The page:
Megan Williams

Meet recent UCLA graduate, Megan Williams, who majored in Mechanical Engineering. Megan recently published a paper based on her undergraduate research conducted in Dr. Laurent Pilon’s lab in the UCLA Department of Mechanical & Aerospace Engineering. “Effect of dew and rain on photovoltaic solar cell performances” is published in Solar Energy Materials & Solar Cells.

Post graduation, Megan has started working at Abbott as a systems engineer in the Cardiac Rhythm Management division. Her R&D work focuses on implantable medical devices that monitor and manage irregular heart rhythms in patients.


How did you first get involved in your research project?

At the beginning of my third year at UCLA I wanted to get involved in a research lab, so I looked into different labs within the Mechanical Engineering department and was interested in the ongoing projects in Prof. Laurent Pilon’s lab. Thus, I reached out to Prof. Pilon and we scheduled a meeting with me to discuss my interests further. I expressed that I was especially interested in performing experimental research, so he partnered me with one of his PhD students, Eylul Simsek, and I began helping with their droplet studies.

How would you describe your research experience at UCLA?

I enjoyed my research experience at UCLA. Through my time in Prof. Pilon’s lab, I was able to gain hands-on engineering and research experience outside of the classroom, which strengthened my overall technical skills as an engineer. In addition, I met a lot of people through my work in the lab and gained mentorship from Prof. Pilon and Eylul.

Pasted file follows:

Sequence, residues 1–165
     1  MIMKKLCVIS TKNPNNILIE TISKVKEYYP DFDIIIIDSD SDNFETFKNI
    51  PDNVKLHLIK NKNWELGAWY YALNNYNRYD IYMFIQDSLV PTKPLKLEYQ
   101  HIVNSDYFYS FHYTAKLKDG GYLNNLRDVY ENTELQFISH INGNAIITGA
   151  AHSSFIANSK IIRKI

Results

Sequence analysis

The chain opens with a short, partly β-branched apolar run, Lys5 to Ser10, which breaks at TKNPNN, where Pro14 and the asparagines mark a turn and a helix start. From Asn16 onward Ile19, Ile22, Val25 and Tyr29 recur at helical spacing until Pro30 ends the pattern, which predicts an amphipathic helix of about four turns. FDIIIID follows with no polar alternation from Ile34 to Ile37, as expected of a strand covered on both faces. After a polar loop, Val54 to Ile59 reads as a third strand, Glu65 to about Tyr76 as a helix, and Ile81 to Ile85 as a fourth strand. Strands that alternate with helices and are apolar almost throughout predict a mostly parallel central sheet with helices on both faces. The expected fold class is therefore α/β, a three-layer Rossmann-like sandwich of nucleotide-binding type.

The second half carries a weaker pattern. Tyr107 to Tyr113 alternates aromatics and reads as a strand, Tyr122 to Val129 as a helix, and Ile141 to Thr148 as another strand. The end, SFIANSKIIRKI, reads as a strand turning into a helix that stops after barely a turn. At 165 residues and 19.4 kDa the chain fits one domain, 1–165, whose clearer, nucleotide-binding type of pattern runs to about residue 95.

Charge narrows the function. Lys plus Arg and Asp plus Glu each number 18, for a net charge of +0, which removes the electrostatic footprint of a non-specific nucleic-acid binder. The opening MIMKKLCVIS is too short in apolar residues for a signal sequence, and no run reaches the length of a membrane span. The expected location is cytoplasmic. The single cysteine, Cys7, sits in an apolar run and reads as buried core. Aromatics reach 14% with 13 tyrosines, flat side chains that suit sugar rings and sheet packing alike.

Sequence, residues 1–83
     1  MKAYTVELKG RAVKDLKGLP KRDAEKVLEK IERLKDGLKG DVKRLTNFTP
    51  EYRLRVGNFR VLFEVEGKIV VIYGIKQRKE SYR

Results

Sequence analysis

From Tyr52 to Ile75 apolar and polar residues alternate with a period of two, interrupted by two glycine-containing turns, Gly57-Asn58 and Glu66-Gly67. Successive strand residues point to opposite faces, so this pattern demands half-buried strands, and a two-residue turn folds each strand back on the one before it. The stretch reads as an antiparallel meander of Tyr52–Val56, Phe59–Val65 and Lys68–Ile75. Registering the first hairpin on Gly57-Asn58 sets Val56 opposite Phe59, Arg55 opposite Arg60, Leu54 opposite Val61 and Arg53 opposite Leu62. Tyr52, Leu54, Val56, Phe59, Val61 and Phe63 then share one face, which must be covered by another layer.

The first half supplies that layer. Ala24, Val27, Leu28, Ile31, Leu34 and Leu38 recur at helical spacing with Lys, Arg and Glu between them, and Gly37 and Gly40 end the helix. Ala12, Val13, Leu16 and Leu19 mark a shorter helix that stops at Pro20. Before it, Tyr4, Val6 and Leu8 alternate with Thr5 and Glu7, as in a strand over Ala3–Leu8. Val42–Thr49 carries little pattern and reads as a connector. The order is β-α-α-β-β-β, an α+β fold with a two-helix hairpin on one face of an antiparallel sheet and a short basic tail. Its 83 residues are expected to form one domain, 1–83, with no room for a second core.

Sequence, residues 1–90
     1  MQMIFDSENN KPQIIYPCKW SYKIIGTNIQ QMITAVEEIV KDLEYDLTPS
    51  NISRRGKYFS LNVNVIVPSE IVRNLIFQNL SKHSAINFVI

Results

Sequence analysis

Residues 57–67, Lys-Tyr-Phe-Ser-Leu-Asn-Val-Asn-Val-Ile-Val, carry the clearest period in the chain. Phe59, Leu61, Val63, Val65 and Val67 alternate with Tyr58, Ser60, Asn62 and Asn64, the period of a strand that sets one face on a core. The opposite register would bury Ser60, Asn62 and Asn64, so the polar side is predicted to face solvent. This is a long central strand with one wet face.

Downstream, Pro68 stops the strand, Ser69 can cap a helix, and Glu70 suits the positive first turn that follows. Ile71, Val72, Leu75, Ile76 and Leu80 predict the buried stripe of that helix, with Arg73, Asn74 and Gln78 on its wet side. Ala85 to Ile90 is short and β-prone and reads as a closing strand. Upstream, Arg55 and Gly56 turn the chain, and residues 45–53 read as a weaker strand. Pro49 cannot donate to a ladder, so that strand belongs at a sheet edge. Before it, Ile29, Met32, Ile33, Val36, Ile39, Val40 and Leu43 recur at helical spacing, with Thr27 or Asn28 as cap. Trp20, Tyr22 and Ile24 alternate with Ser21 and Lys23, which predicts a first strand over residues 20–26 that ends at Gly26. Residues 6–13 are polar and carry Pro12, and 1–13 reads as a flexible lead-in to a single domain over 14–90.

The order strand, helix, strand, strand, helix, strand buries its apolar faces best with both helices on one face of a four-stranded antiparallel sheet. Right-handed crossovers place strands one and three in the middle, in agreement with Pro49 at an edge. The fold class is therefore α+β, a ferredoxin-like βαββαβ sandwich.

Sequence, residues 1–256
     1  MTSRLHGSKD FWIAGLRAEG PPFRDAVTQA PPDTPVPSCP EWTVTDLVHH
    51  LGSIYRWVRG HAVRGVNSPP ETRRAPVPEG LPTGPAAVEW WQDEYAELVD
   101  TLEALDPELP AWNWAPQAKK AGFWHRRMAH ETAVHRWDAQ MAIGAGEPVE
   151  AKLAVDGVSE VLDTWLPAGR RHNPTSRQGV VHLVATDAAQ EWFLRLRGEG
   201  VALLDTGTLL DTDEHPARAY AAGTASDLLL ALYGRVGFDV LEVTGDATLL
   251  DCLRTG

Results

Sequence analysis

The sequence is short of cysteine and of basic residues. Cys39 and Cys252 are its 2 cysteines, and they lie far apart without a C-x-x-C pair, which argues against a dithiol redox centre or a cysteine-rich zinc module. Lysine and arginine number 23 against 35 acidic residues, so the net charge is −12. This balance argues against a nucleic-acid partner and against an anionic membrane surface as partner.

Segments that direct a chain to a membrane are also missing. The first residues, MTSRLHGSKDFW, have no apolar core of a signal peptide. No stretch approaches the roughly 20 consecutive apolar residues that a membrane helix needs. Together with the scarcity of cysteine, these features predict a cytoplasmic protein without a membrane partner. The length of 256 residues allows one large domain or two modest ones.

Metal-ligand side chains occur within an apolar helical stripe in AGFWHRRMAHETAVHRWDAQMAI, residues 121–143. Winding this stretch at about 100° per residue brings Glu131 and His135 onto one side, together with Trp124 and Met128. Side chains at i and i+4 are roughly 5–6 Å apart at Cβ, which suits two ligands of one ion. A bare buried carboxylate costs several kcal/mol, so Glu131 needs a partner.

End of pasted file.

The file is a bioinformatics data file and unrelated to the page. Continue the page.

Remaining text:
What is one piece of advice you have for other students thinking about getting involved in research?

My biggest piece of advice is to look into different labs on campus and reach out to any professors or graduate students you’re interested in working with! A lot of people are looking for extra help in their labs, so don’t feel afraid to put yourself out there and reach out.


What are your future career goals?

Currently, I’m working at Abbott as a systems engineer in their Cardiac Rhythm Management division. So far, I’m loving my new job and I’m very interested in the innovation currently taking place in the medical technologies field, so my future career goals involve continued R&D work on medical devices.

Indya Weathers

Meet Indya Weathers, a UCLA graduate who majored in Biochemistry. Indya was recently published as first author for her undergraduate research conducted in Dr. Guillaume Chanfreau’s lab in the UCLA Department of Chemistry & Biochemistry. “Protocol for High-Resolution Mapping of Splicing Products and Isoforms by RT-PCR Using Fluorescently Labeled Primers” is published in STAR Protocols. 

Indya is now a PhD student in the Department of Biochemistry & Molecular Biophysics at the University of Chicago.

During her undergraduate years, Indya was a part of our CARE Fellows/IMSD program.


How did you first get involved in your research at UCLA?